More than eight thousand workers at King Soopers and City Market stores across Colorado are still on strike. It is week two of a strike provoked by what the United Food and Commercial Workers (UFCW) Local 7, which represents 17,000 grocery workers in Colorado and Wyoming, alleges are a spate of unfair labor practices (ULPs), ranging from a failure to share data necessary for bargaining, to the company dealing directly with members during bargaining, to a larger issue of the multibillion-dollar corporation violating the union contract by moving to replace protected positions with lower-wage independent contractors, employed through platforms like Instacart.
Kroger, which owns the Colorado stores and is the largest grocery chain in the United States, is still at the bargaining table with the UFCW. The two sides are negotiating a new contract following the expiration of the prior one on January 8, and it is not going well.
“After four continuous days of negotiations, we’ve made little to no progress with Kroger/King Soopers,” said UFCW Local 7 president Kim Cordova in a statement on Monday. “They still refuse to address the concerns and needs of our members, who have raised their voices on the picket lines, in the media, and around the bargaining table to demand a living wage for essential labor.”
As Cordova told Jacobin at the start of the strike, Joe Kelley, president of King Soopers and City Market, has hardly been in attendance at the bargaining table — Cordova says he was present for a grand total of nine minutes of bargaining. Instead, the union has faced lawyers and higher-ups unfamiliar with the local conditions of King Soopers workers, exacerbating the difficulties of coming to an agreement. Distance remains on issues of wages, health and safety, and benefits.
Kelley has been strident in his denunciations of the strike, characterizing it as “reckless and self-serving,” an “irresponsible and undemocratic” maneuver. That workers voted nearly unanimously to authorize the strike is no matter for a corporate executive dead set on trying to pit customers against workers. And that’s leaving aside the question of what right a company has to call workers’ actions “self-serving” when it pays them so little that thousands of them are homeless or starving.
King Soopers has now sought and won a temporary restraining order against the local, a tried-and-true, oft-abused employer method for weakening a strike — John Deere and Warrior Met are but two recent employers to obtain injunctions against their own workers when the latter went on strike. Twelve pages of allegations filed by King Soopers include claims that workers have used racial epithets against customers, blocked entrances to stores, and threatened violence against customers and vendors.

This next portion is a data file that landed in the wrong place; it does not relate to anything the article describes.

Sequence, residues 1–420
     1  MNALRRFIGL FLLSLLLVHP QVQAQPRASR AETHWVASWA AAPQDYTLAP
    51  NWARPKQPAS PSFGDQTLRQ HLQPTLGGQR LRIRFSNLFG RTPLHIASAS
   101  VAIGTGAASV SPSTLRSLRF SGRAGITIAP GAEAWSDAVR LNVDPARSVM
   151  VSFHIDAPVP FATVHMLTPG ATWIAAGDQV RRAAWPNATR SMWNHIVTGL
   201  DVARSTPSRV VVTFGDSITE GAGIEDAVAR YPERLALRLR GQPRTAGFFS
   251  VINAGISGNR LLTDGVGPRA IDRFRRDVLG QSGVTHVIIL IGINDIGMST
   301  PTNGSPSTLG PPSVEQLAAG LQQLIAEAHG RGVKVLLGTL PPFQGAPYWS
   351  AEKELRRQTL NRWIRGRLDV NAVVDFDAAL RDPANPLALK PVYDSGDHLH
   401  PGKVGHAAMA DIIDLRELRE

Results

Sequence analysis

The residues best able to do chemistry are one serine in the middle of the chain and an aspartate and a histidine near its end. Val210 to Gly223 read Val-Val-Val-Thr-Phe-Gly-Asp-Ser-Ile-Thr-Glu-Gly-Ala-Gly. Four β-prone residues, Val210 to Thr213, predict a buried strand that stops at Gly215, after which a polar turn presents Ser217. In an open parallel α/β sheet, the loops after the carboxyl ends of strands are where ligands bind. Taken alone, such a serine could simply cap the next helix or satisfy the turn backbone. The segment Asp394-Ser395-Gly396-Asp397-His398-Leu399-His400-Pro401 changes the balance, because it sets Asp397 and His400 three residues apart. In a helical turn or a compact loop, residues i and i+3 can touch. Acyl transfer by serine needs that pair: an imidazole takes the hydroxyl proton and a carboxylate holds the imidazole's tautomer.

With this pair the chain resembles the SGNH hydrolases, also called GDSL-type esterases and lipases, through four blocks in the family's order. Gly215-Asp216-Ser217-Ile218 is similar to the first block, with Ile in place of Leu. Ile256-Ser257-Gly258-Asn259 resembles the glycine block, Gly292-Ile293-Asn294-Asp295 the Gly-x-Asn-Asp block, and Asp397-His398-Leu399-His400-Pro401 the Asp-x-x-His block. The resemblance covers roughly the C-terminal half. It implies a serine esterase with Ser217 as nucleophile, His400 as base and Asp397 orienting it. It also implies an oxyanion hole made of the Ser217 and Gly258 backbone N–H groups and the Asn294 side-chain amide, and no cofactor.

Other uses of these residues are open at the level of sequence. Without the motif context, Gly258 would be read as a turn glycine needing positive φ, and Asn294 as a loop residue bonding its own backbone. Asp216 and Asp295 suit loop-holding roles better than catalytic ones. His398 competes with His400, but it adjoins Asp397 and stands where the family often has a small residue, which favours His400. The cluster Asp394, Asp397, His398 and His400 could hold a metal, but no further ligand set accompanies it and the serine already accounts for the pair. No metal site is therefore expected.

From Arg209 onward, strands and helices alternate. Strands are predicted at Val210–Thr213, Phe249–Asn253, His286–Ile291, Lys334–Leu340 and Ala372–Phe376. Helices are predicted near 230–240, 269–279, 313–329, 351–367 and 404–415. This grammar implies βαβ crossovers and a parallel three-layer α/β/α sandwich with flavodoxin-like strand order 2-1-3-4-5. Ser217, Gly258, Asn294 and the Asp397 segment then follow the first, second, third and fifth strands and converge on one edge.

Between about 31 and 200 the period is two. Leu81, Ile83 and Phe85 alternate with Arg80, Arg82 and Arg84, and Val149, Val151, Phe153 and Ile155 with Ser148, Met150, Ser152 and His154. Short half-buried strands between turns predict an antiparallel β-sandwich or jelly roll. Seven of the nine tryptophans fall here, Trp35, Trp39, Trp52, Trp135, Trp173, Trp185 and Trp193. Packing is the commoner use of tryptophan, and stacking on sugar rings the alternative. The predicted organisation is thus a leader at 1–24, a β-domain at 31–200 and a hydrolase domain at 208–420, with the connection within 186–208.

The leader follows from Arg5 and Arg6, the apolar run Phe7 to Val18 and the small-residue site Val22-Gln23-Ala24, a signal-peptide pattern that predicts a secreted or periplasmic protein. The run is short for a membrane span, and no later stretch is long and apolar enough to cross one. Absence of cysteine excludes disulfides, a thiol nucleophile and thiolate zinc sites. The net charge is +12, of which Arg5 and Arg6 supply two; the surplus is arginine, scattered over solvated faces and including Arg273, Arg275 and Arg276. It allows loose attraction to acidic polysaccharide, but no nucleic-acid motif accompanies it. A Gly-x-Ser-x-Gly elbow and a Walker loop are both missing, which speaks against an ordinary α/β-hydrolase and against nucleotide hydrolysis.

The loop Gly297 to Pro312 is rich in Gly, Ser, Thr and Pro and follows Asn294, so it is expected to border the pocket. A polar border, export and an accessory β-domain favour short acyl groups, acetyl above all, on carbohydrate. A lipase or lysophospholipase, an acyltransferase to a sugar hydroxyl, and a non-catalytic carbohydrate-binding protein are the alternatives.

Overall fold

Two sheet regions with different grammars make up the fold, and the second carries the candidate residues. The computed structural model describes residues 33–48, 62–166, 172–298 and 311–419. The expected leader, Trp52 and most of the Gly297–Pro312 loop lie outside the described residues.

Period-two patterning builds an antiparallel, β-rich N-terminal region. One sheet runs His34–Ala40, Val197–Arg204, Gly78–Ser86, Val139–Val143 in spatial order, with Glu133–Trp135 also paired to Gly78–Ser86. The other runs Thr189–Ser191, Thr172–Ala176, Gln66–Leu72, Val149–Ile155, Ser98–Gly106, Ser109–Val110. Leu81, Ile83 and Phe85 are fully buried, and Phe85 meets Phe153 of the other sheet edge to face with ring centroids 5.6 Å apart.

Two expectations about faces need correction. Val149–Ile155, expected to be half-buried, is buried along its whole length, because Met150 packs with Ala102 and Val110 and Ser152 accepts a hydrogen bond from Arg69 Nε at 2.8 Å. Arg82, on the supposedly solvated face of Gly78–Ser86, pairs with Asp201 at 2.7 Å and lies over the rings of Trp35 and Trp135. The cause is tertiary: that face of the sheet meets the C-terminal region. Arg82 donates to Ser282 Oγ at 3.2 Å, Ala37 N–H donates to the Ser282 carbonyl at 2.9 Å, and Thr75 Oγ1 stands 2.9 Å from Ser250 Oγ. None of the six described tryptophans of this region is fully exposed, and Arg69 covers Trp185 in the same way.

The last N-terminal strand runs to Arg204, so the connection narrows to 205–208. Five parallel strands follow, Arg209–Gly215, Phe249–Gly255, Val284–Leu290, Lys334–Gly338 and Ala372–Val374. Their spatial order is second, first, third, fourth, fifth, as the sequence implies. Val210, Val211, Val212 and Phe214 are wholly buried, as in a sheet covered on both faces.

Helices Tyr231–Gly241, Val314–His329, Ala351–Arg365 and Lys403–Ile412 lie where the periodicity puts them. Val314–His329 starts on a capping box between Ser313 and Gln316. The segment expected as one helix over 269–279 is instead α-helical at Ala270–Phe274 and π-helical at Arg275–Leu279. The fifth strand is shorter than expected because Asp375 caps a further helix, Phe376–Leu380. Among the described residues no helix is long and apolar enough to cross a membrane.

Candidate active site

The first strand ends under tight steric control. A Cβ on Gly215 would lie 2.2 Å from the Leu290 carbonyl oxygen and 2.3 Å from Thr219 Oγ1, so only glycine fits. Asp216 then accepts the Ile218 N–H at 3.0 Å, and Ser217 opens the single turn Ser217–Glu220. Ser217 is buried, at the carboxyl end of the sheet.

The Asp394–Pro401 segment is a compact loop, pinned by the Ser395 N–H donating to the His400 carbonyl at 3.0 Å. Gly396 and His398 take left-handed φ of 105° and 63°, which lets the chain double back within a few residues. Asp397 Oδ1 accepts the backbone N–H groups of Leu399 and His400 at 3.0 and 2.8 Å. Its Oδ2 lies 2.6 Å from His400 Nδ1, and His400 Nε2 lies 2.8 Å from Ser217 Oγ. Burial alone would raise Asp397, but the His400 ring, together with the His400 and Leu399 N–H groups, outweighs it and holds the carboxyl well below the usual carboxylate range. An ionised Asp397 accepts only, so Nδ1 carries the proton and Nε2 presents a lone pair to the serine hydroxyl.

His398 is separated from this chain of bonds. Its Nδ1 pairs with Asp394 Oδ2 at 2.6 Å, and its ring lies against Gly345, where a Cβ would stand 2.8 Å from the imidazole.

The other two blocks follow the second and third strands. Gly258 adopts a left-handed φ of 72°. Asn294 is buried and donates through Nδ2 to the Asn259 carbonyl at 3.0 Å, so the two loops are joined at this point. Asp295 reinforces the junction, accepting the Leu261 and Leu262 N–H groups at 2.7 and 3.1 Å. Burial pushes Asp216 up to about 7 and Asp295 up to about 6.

In issuing the order on Tuesday, the court wrote that “There exists a danger of real, immediate, and irreparable injury that may be prevented by entry of a temporary restraining order.” The order limits the number of picketers on store premises to ten; King Soopers wanted to limit the number to five. Huffington Post has uploaded the order in full here.
“UFCW Local 7 strongly disagrees with the unfounded allegations by King Soopers,” said Cordova in response to the restraining order:
There are over 8,000 workers, as well as members of the public on our picket lines, and we continue to call on everyone involved not to allow these baseless allegations and bullying tactics to distract us from what is important.
The local continues to encourage shoppers to boycott the struck stores for the duration of the strike.
Cordova added that the company “refuses to bargain. They want to stop our freedom of speech and curtail even more of the workers’ rights. We will not stand for that.”
Some workers at King Soopers and City Market stores are covered under a separate contract and thus remain on the job despite the strike. Workers say that some of the roughly eighty struck stores have been closing early or otherwise reducing operations for lack of workers. Kroger continues recruiting replacement workers to maintain operations, incensing some current employees by offering a starting rate of $18 an hour for scabs, pay that is higher than the $16 wage floor proposed by the company at the bargaining table.